Tokyo: The Asahi newspaper reported on Saturday that chances are growing Japan may sign off on a plan to reposition a US Marine air base, which would help clear the way for a realignment of US troops in the country.
An agreement would ease growing tension with the United States over the reorganisation, an issue which could fray ties with Washington.
The Sankei newspaper reported on Friday Japan would tell US President Barack Obama when he visits next month that it would craft a new plan by the end of the year to relocate the base on the southern island of Okinawa, but Chief Cabinet Secretary Hirofumi Hirano said there had been no such decision.
The Asahi said Prime Minister Yukio Hatoyama had indicated that a decision would be made on the issue by the end of the year. It gave no other details.
Since it would be difficult to find an alternate location for the base by that time, chances were growing that the government would have to accept the original plan or one with slight modifications, the Asahi said.
Concerns are growing about friction over the long-planned reorganisation of the US military presence in Japan, the first big test of ties between Washington and a new Japanese government that wants more equal relations with its closest security ally.
How Hatoyama copes with the dispute could also affect voter support for his month-old government, now riding high at about 70 percent in most polls, especially if he looks indecisive.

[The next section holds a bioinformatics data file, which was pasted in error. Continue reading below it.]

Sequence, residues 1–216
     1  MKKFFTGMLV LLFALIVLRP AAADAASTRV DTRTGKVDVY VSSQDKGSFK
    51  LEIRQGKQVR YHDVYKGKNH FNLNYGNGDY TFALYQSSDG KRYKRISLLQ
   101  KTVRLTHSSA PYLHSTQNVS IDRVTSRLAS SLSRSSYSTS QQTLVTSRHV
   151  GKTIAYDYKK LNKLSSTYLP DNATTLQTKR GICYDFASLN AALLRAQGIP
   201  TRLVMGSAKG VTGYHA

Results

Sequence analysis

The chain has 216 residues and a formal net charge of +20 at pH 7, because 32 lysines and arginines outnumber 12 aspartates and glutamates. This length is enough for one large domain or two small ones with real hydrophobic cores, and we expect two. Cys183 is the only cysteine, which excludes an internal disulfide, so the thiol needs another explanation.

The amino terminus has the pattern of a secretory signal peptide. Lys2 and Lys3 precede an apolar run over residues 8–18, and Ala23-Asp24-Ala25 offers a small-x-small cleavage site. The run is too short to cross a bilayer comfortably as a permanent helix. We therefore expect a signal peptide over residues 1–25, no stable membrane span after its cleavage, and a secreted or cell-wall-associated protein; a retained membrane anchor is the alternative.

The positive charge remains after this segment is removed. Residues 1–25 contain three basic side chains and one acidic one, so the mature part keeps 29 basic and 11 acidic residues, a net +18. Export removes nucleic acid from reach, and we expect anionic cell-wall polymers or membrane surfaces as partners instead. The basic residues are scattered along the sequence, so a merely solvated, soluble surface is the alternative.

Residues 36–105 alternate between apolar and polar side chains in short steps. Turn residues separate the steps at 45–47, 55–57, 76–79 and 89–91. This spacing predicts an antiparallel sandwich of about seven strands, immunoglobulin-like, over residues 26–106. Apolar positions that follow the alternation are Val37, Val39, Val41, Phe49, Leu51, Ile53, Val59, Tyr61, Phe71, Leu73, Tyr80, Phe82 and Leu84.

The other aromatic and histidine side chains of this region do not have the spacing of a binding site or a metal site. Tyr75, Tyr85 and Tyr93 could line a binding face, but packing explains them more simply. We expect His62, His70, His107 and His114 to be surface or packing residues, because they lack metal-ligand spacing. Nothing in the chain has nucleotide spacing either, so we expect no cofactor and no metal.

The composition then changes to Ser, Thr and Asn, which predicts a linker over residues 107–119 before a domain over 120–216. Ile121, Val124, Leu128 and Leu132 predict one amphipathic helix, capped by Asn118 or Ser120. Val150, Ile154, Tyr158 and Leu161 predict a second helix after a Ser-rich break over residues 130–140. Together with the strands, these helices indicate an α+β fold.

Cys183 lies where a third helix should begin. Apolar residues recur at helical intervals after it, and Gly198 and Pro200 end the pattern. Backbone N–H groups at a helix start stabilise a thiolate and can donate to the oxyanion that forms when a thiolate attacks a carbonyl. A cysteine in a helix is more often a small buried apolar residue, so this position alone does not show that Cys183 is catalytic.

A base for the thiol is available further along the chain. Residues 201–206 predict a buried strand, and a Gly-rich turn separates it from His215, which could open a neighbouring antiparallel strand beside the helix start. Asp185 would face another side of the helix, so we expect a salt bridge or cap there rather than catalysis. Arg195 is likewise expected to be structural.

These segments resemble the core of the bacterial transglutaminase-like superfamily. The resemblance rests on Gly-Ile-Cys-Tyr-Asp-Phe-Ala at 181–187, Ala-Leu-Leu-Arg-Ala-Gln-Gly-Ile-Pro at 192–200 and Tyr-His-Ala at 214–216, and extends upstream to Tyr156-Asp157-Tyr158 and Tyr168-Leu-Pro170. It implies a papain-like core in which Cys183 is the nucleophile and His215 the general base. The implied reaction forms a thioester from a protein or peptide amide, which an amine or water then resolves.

Central to the reorganisation deal is a plan to move the functions of the Futenma air base -- located in a crowded urban area of Okinawa -- to a more remote part of the island.
It also involves shifting 8,000 Marines to the US territory of Guam, partly at Japan`s expense.
Hatoyama had said he wanted the base moved off the island, which lies 1,600 km (1,000 miles) from the Japanese mainland in the Pacific Ocean. But US officials have ruled that out, saying it would undermine broader security agreements.
Foreign Minister Katsyua Okada said on Friday it was unrealistic to consider shifting the functions of Futenma off Okinawa.
"Considering that ... the more time we take, the longer the danger at Futenma continues, moving the base outside Okinawa is not a realistic option," Okada said.
US Defence Secretary Robert Gates this week made a blunt call for the planned realignment to be implemented and for Tokyo to decide on the issue before Obama`s November 12-13 visit to Japan, but Hatoyama said on Friday there was no need to rush a decision.
Asked if the United States wanted Japan to make a decision by Obama`s visit, US Ambassador to Japan John Roos told Asahi TV in an interview on Friday: "I think the timing of the decision is up to the Prime Minister and his government. It`s really not up to the United States to set a deadline."
"The important thing is that the process move very expeditiously to a conclusion," he said.